The Rockford Institute sits on the northern edge of Rockford’s downtown, at the upper end of a stretch of North Main Street that local boosters have dubbed “the Cultural Corridor.” The corridor is not much even by the standards of modern cities—a few museums, the Coronado Theatre, the New American Theater, the Rockford Woman’s Club, the Mendelssohn Club, and us (though the boosters often overlook that last one)— but, without it, our downtown would be in even worse shape than it is. Urban renewal in the 60’s and 70’s, including an ill-planned “pedestrian mall” that closed off two blocks of Main Street immediately north and south of State Street, the main east-west corridor through downtown, along with the massive growth, from the 80’s on, in Rockford’s Wasteland (the far-east-side development of big-box stores, chain restaurants, and vinyl-sided tract homes), has wreaked havoc on a once thriving downtown. Native Rockfordians still recall when downtown was so crowded on Sunday that cars had a tough time passing through. Today, no major business (outside of restaurants) in downtown is open on the weekend, and the pedestrian mall may feel the footfalls of no more than a dozen people on most Sundays.
As he comes to the end of his first year in office, Rockford Mayor Larry Morrissey would like to change that. Morrissey’s commitment to downtown has been abundantly evident in his actions as a lawyer and private developer since his return to his hometown a decade ago. Before his election, he was changing downtown one building at a time; now, as mayor, he has the opportunity to bring about a true—not urban—renewal.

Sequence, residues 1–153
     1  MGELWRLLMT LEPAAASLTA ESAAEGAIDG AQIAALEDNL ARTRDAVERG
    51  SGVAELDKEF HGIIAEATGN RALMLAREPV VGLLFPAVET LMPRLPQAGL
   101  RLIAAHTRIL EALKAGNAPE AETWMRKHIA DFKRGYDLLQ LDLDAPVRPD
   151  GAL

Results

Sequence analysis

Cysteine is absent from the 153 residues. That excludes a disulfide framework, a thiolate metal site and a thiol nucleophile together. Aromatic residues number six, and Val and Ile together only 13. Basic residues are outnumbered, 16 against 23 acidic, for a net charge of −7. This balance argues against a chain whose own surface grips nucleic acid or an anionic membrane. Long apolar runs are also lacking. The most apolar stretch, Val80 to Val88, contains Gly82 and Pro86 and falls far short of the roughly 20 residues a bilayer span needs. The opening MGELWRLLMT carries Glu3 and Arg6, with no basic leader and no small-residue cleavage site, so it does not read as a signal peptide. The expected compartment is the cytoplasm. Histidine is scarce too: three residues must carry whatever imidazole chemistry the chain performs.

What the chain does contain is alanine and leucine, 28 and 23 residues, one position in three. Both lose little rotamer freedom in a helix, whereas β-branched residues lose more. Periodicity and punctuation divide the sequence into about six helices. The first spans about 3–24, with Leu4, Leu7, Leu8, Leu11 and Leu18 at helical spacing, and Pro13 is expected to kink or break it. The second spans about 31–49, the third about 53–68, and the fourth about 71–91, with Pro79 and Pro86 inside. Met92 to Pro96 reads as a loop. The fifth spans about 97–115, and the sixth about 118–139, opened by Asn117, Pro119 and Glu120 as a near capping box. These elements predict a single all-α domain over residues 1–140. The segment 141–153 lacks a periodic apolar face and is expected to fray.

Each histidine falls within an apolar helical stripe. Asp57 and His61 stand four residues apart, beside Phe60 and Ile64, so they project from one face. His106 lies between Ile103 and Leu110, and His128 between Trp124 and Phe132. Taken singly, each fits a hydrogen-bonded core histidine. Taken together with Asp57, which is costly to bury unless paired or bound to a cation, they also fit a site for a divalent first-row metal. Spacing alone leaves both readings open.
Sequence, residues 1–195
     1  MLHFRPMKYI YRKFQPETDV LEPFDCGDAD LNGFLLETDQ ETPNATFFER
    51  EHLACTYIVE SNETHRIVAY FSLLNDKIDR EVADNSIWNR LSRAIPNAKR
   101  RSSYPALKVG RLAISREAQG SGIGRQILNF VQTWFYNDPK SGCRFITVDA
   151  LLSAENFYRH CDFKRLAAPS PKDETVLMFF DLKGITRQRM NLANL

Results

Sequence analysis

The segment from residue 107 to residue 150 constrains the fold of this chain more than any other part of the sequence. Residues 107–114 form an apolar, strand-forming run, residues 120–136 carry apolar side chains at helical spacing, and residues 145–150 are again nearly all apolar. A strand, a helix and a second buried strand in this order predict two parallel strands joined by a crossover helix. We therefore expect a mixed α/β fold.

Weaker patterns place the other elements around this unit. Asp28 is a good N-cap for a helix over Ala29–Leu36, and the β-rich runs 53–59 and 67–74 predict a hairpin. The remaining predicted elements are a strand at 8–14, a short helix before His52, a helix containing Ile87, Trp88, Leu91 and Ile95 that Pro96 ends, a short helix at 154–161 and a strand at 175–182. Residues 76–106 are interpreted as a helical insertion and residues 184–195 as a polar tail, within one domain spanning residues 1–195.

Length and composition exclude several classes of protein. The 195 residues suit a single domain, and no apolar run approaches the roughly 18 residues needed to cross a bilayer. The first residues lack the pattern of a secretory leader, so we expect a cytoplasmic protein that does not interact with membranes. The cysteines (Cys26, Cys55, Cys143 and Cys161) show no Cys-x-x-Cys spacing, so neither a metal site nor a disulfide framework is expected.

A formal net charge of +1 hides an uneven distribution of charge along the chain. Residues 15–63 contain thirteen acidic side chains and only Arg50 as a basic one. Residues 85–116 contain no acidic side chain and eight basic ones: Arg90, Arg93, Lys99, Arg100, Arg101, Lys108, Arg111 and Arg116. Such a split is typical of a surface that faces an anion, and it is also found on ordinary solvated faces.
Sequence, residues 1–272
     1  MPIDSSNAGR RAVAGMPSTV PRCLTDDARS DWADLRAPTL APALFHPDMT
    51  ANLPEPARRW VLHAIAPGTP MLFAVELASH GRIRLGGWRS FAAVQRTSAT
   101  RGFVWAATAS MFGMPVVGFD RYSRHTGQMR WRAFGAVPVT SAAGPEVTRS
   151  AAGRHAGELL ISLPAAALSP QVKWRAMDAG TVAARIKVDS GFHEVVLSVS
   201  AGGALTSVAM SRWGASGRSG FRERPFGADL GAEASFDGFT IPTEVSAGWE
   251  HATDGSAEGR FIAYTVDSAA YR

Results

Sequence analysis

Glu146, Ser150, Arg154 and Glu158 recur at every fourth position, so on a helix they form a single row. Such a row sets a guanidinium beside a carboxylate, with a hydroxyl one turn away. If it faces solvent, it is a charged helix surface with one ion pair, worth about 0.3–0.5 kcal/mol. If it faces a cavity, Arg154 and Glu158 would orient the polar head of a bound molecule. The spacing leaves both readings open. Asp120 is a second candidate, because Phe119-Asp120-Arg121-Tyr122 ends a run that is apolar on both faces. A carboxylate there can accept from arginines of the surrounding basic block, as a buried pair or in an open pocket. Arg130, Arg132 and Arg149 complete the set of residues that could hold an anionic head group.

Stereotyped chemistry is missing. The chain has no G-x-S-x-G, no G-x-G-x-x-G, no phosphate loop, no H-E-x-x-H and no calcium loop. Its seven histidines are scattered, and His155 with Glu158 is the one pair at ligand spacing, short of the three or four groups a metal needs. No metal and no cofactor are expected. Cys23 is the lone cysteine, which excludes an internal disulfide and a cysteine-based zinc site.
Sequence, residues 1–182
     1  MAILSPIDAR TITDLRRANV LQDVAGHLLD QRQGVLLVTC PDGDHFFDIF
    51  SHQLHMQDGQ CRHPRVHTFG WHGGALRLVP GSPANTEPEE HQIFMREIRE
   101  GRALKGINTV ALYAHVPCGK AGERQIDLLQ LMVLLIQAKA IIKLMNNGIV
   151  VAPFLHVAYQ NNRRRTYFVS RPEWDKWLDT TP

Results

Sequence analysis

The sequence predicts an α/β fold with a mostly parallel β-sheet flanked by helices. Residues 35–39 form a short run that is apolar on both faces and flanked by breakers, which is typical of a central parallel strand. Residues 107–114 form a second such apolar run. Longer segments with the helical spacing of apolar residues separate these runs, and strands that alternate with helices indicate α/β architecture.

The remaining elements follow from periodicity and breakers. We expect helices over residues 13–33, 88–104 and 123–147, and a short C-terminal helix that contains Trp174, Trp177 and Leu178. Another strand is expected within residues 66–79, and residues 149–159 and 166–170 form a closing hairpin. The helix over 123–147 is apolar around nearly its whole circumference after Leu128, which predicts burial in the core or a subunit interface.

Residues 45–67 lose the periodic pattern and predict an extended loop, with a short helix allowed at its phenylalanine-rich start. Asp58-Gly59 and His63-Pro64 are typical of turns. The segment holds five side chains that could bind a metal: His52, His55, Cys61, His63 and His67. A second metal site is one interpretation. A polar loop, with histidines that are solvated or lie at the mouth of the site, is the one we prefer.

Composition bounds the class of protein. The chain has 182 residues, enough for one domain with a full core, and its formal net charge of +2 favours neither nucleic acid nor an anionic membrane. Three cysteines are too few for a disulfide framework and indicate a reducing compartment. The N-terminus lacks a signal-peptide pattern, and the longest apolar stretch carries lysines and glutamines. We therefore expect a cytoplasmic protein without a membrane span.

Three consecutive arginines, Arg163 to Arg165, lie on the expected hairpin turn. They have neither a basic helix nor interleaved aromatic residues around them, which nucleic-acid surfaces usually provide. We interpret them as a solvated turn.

The view from inside city hall, however, is a little different from the view on the outside looking in. It is easy to criticize previous mayors for not doing enough for downtown or for focusing the city’s development efforts on the Wasteland, and I have often done so. The reality, however, is a little more complex, because Rockford’s mayors have, for 23 years, been living under a constraint with which no other mayor of a major city in Illinois has been shackled: the lack of home rule.
The 1970 Illinois constitution gave broad authority to municipalities with populations of 25,000 or more to “exercise any power and perform any function pertaining to its government and affairs including, but not limited to, the power to regulate for the protection of the public health, safety, morals and welfare; to license; to tax; and to incur debt.” While the Illinois General Assembly has some ability to restrict the actions of home rule units, the constitution explicitly states that “Powers and functions of home rule units shall be construed liberally.” As of October 2004, there were 167 home rule municipalities in Illinois. However, “A home rule unit by referendum may elect not to be a home rule unit,” putting it in the same position as municipalities with a population under 25,000, who must go to the General Assembly to have certain kinds of legislation—especially relating to taxes and to crime—passed.